Countries in southern Europe are going through demographic changes characterized by low fertility, emigration, especially among young people, and population aging. With greying populations, countries are looking for ways to address the special needs of older persons, including health care, because of their unique vulnerabilities and lack of access to basic services. In the former North Macedonia, studies have shown that over 50 percent of people over 65 years had difficulty accessing primary health care services. In Bosnia and Herzegovina, the social isolation and prevalence of chronic non-communicable diseases among the elderly were a big challenge. In both countries, there were concerted efforts to enhance the quality of life of older people, including making health care ‘age friendly.’ Moreover, the older persons themselves recognized that harnessing their contributions would not only improve their own lives but also the wider community.
Towards a Solution
Bosnia and Herzegovina and North Macedonia launched a South-South Cooperation initiative to exchange experiences, lessons learned and good prac- tices in addressing the health needs of older persons. Stakeholders from both countries agreed that it would be beneficial to share the success of Bosnia and Herzegovina in establishing healthy aging centres with North Macedonia. The ini- tiative was conducted with United Nations Population Fund (UNFPA) support and in cooperation with the NGO Partnership for Public Health. The Center for Healthy Aging worked towards improving the quality of life of older persons, especially their mental health, and enabling them to be actively engaged in and to make valuable contributions to their community.
With support from the United Nations Population Fund (UNFPA), two centres for healthy aging were established in North Macedonia in the municipalities of Vinica and Caska serving the needs of older persons, including those who could not afford health care. A learning visit to the Centers for Healthy Aging in Sarajevo was conducted in 2017 , includ- ing participants at the ministerial level, to see first-hand the operation of the centres and good practices that could be transferred as appropriate.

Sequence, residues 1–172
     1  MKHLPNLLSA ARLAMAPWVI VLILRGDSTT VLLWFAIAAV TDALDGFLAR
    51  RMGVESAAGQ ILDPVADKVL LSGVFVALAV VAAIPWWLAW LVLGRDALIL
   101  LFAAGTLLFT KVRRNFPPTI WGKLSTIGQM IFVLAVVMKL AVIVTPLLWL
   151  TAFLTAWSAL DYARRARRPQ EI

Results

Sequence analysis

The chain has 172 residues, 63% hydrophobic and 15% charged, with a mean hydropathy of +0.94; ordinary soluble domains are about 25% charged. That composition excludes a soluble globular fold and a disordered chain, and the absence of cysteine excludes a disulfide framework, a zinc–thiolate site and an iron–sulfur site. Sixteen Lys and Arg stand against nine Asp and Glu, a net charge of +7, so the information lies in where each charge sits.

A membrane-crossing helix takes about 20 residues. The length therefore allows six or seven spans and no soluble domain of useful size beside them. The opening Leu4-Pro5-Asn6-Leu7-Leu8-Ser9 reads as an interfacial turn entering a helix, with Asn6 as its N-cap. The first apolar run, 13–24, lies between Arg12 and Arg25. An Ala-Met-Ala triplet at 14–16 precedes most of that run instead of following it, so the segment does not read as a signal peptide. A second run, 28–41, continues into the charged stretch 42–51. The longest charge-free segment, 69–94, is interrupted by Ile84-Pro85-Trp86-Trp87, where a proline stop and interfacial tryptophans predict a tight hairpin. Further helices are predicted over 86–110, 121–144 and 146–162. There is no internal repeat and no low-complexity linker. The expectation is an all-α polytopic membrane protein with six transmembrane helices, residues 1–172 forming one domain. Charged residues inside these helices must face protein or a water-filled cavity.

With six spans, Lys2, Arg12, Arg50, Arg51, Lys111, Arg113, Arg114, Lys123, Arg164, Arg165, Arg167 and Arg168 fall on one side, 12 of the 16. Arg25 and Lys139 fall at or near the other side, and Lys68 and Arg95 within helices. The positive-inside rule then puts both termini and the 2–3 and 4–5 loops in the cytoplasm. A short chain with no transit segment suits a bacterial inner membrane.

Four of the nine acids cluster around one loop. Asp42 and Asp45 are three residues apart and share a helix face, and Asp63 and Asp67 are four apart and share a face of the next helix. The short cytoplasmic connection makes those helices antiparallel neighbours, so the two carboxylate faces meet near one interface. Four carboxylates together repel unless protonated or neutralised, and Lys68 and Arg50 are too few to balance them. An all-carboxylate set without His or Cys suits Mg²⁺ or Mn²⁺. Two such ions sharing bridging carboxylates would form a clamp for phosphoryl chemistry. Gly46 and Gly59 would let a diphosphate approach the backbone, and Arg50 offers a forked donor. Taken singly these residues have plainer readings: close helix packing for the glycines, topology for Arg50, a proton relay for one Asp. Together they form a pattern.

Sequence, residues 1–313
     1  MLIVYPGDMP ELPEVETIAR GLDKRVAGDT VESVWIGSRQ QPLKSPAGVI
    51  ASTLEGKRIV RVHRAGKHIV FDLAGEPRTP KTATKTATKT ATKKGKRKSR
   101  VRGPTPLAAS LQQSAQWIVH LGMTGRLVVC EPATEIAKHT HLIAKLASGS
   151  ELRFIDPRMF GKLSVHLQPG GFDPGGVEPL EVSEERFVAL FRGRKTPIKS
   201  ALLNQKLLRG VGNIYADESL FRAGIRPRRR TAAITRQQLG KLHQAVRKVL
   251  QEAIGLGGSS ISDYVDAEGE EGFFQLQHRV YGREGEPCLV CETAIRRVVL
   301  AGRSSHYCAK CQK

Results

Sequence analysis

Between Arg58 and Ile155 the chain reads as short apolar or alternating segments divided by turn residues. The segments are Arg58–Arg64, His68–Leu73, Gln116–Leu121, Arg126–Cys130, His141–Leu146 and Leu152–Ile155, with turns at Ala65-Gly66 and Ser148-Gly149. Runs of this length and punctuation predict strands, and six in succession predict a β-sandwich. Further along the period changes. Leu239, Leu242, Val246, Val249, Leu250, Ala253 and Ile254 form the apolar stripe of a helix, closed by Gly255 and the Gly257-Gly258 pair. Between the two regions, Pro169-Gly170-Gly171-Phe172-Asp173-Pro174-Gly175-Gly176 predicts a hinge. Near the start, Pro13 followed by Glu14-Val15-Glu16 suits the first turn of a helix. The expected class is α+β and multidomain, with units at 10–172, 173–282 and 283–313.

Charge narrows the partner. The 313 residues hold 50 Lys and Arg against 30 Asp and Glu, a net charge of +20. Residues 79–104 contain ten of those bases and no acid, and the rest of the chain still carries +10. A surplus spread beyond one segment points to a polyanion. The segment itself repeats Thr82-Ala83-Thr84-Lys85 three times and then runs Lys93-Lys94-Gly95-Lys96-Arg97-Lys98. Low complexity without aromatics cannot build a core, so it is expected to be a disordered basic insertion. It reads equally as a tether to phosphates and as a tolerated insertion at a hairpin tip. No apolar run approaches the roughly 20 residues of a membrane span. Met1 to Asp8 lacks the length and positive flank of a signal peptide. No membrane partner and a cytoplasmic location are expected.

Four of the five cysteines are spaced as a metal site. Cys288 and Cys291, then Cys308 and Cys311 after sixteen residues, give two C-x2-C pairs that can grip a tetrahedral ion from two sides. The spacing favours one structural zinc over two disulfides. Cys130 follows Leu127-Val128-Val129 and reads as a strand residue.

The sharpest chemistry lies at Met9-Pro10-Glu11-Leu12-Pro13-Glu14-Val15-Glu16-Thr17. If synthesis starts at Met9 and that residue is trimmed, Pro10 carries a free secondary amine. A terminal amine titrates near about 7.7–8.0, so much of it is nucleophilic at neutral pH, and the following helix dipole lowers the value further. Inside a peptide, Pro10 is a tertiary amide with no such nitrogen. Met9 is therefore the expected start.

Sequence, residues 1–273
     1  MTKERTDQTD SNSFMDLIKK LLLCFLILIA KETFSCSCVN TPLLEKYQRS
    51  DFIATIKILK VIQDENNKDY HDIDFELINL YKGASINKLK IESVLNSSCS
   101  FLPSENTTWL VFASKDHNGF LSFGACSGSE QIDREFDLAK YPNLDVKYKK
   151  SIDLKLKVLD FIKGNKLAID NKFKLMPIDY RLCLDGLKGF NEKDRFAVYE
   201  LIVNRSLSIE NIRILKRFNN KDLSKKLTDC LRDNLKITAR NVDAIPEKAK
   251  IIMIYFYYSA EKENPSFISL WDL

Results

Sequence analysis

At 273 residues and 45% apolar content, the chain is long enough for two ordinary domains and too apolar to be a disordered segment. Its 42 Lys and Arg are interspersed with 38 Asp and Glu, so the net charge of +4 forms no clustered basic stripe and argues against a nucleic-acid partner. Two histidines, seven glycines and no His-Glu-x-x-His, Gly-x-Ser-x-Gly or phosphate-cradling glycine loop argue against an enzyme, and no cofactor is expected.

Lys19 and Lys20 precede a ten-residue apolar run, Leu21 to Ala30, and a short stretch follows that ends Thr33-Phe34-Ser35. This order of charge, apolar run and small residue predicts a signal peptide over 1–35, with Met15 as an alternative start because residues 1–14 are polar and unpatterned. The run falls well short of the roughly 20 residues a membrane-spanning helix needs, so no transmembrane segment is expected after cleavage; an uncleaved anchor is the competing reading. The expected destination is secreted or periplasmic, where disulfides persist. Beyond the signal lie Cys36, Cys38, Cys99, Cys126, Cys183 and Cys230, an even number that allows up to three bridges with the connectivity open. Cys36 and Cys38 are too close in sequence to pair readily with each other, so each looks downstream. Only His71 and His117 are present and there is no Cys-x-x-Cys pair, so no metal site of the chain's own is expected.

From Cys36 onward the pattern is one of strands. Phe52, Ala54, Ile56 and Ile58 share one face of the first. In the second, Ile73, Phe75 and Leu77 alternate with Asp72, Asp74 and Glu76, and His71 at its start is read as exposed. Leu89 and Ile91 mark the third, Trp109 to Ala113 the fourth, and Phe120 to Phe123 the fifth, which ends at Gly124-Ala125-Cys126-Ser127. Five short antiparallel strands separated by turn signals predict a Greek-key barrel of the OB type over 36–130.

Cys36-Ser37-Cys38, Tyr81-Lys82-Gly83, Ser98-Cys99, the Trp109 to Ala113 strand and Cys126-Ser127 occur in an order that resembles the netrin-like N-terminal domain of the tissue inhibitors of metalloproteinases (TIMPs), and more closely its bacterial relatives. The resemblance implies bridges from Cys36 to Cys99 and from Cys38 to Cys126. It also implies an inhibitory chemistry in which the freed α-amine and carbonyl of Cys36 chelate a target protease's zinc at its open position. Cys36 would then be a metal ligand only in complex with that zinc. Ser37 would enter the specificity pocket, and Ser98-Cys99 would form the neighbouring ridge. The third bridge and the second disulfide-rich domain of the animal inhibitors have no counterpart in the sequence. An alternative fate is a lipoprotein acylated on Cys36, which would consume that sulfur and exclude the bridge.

Capacity building activities have been organized in both countries to better understand the consequences of rapid demographic changes and how capacities of older persons can be tapped. Furthermore, NGOs working in population aging were mobilized to promote active and healthy aging among older persons.
To improve the quality of life of older persons it is necessary to foster their physical activity, healthy nutrition and maintain their active and contrib- utory role in the society. Older persons, leading an active lifestyle, are independent and do not represent an unnecessary burden on their fam- ilies and public health system.
To promote healthy aging, it is important to have regular communi- cation among various stakeholders. Such communication enables all stakeholders to understand the root causes of development problems and learn from each other different approaches to resolving issues. Older persons must be included in the programme leadership and the sector must be continually consulted and surveyed.
The practice described here could be easily replicated (and adjusted, if need be) in any country that has an aging population. Services provided in each of the centres are multi-sectoral in essence and depend on local capacities to provide those services, as well as the needs of the local pop- ulation or their willingness to engage in such services.